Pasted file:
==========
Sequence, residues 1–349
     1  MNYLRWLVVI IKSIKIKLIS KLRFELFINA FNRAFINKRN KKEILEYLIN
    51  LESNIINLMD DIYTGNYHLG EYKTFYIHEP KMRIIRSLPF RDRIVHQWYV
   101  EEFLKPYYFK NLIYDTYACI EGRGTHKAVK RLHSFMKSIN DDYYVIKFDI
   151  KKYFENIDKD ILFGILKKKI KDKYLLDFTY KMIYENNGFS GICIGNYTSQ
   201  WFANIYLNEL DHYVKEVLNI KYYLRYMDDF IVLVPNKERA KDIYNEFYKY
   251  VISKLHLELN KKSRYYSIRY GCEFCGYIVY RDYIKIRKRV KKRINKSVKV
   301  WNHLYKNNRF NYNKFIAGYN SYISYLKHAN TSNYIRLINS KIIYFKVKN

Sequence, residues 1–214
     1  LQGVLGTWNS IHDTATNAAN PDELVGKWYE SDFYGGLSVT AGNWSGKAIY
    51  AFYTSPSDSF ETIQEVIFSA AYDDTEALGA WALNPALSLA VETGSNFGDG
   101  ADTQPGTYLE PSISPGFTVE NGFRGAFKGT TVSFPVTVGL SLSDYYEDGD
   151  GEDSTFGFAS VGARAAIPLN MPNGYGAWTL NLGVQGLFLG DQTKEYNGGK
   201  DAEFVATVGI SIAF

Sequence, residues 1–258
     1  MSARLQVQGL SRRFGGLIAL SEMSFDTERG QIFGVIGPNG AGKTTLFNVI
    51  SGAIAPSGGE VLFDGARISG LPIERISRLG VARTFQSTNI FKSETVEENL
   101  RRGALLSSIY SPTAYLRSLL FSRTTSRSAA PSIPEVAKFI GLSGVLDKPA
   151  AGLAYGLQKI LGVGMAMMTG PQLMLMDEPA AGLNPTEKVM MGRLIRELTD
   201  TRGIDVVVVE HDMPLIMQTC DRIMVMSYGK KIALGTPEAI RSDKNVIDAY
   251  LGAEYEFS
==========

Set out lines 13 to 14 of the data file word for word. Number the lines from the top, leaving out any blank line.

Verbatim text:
   151  GEDSTFGFAS VGARAAIPLN MPNGYGAWTL NLGVQGLFLG DQTKEYNGGK
   201  DAEFVATVGI SIAF